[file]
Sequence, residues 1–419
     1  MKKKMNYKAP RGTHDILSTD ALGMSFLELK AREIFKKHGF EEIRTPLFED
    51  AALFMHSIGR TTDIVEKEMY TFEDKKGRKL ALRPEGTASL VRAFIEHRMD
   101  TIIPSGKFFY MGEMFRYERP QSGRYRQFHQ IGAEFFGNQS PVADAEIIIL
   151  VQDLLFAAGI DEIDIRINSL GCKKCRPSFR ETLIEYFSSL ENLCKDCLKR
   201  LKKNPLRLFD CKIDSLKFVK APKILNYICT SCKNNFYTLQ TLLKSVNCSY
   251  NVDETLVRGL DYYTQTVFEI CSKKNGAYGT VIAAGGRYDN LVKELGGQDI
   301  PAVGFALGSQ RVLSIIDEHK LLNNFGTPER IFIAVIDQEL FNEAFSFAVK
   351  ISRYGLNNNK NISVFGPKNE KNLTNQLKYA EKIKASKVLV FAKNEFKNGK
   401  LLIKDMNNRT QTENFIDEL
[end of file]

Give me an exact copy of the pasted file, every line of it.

Sequence, residues 1–419
     1  MKKKMNYKAP RGTHDILSTD ALGMSFLELK AREIFKKHGF EEIRTPLFED
    51  AALFMHSIGR TTDIVEKEMY TFEDKKGRKL ALRPEGTASL VRAFIEHRMD
   101  TIIPSGKFFY MGEMFRYERP QSGRYRQFHQ IGAEFFGNQS PVADAEIIIL
   151  VQDLLFAAGI DEIDIRINSL GCKKCRPSFR ETLIEYFSSL ENLCKDCLKR
   201  LKKNPLRLFD CKIDSLKFVK APKILNYICT SCKNNFYTLQ TLLKSVNCSY
   251  NVDETLVRGL DYYTQTVFEI CSKKNGAYGT VIAAGGRYDN LVKELGGQDI
   301  PAVGFALGSQ RVLSIIDEHK LLNNFGTPER IFIAVIDQEL FNEAFSFAVK
   351  ISRYGLNNNK NISVFGPKNE KNLTNQLKYA EKIKASKVLV FAKNEFKNGK
   401  LLIKDMNNRT QTENFIDEL